This smart band wants to turn your arm into a touchscreen

It looks like we’re inching ever so close to a Minority Report-like future after all. That’s because Paris-based company Cicret (pronounced “secret”) is looking to kick the wearables game up a notch by transforming your arm into your phone’s screen. With the smart bracelet, the team’s promo video explains that “you can do what you use to do with a tablet but diretly on your skin and without any smartphone.”


Say you’re taking a hot bath, for instance, and you want to catch up on the day’s emails. While your mobile device is nowhere to be found, you can simply pull up your inbox on your arm — soapy hands and all. Or, perhaps you’re waiting for a cab. Instead of having to reach down into your pocket, you can easily flick your wrist and access a game or the weather instantaneously. Reading a book on the sofa when a call suddenly comes in and your phone is out of reach? No problem! Answer right from your arm. Pretty convenient, right?


The Cicret bracelet, which resembles the Jawbone Up, works by projecting your Android interface directly onto your forearm, turning your limb into an interactive, swappable, touch-sensitive, full-color display. It operates as a standalone wearable device and is activated with a whisk of the wrist. According to its team, the idea was first conceived a year ago and developed over a span of six months.


As its demo reel reveals, the snap-on device works its magic through an embedded system consisting of proximity sensors, a pico projector an, accelerometer, a memory card, a main processor, a vibrator, a vibrator, along with some LEDs for notifications. The proximity sensors detect where the user’s finger or fingers are and allow them to interact with the interface as they would any other Android device. Connectivity is provided by way of BLE, Wi-Fi and a micro USB port. Not to mention, the wearable gizmo comes in either 16GB or 32GB, and in 10 vibrant colors.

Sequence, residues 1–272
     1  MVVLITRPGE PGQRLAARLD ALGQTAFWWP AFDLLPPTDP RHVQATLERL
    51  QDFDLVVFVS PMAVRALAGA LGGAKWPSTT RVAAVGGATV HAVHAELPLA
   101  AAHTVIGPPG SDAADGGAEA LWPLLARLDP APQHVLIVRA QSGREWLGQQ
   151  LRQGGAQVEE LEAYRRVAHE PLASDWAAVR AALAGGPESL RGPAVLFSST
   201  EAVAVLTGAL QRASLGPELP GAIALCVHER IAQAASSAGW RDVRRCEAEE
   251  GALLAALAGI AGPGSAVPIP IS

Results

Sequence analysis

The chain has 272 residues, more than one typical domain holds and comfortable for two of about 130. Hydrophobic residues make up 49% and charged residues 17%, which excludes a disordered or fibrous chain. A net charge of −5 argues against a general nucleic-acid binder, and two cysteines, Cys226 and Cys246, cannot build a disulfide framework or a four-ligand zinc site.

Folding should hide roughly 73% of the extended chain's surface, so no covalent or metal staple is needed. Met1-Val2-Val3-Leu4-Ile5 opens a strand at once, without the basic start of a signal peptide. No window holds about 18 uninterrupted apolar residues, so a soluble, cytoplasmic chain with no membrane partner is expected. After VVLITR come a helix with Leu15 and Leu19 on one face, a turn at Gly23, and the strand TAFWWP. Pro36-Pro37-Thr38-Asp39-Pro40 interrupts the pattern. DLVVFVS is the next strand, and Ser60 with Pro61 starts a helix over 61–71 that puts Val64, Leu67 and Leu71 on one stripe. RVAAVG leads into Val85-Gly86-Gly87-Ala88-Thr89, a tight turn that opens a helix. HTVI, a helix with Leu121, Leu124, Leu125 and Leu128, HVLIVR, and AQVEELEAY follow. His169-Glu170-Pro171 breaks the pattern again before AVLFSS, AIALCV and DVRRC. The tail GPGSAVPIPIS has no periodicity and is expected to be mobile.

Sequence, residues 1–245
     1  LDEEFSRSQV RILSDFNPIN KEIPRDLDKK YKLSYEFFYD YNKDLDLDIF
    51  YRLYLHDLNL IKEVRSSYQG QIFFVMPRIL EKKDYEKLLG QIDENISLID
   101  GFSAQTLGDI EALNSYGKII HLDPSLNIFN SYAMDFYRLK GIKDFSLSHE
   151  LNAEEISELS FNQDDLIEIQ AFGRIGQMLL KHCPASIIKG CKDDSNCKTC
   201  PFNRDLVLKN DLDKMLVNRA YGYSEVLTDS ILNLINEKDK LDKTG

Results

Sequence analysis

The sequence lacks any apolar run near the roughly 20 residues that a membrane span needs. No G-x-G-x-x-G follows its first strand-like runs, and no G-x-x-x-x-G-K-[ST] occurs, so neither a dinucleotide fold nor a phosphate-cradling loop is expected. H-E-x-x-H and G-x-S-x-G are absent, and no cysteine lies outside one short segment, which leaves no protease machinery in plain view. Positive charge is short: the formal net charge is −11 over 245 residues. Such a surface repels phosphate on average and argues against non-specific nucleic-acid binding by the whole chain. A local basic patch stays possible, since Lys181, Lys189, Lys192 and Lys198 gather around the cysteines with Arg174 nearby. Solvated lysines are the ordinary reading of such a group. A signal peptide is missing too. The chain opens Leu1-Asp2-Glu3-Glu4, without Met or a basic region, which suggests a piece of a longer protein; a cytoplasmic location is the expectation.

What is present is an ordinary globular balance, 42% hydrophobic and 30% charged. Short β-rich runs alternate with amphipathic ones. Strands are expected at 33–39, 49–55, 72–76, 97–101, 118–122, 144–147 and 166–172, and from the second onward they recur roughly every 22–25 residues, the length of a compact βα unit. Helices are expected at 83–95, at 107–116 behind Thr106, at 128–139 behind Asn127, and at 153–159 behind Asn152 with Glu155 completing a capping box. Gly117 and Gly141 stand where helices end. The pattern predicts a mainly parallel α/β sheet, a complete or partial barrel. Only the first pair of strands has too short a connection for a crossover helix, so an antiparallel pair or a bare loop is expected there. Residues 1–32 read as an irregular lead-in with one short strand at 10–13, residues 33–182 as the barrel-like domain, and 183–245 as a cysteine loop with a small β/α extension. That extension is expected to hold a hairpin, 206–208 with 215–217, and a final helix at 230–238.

Does it seem too good to be true? Well, time will only tell. Unfortunately, at the moment there isn’t a prototype. (*Scratches head.*) However, Cicret co-founder Guillaume Pommier has told Gizmag that the first prototype is due for completion in approximately three weeks time.

Meanwhile, a team from Carnegie Mellon University’s Future Interfaces Group has been able to create touch-sensitive projected icons made on a user’s skin, aptly named Skin Buttons. While it may not be an entire screen display, the design does demonstrate a new way to “expand the interactive envelope around smartwatches, allowing human input to escape the small physical confines of the device.”


As previously reported on Bits & Pieces, the proof-of-concept implementation can be used for a range of applications, many of which typically found on a mobile device, such as accessing music, reading emails and text messages, as well as checking the time or setting an alarm. The prototype is comprised of four fixed-icon laser projectors along with accompanying infrared proximity sensors. These are connected to an ATmega328P based board, which communicates over USB with a host computer. Additionally, a 1.5-inch TFT LCD display is driven from a host computer. While the team used an external computer for prototyping, it appears that a commercial model would be self-contained.

Well, regardless as to whether or not Cicret’s idea will come to fruition, it’s clear that we are ever so close to a skin interface future. A future in which even Dick Tracy would likely be impressed by the mere notion of such wearable gadgetry.

The question is, what’s next for this tech space? If these ideas are a glimpse into what we can expect in the forthcoming months, we’re excited!

3 thoughts on “This smart band wants to turn your arm into a touchscreen

  1. Pingback: This Week in the Internet of Things (IoT): 12/26/2014 | Initial StateInitial State |

  2. Pingback: iSkin stickers could turn your body into a touchscreen | Bits & Pieces from the Embedded Design World

Leave a Reply

Fill in your details below or click an icon to log in: Logo

You are commenting using your account. Log Out /  Change )

Twitter picture

You are commenting using your Twitter account. Log Out /  Change )

Facebook photo

You are commenting using your Facebook account. Log Out /  Change )

Connecting to %s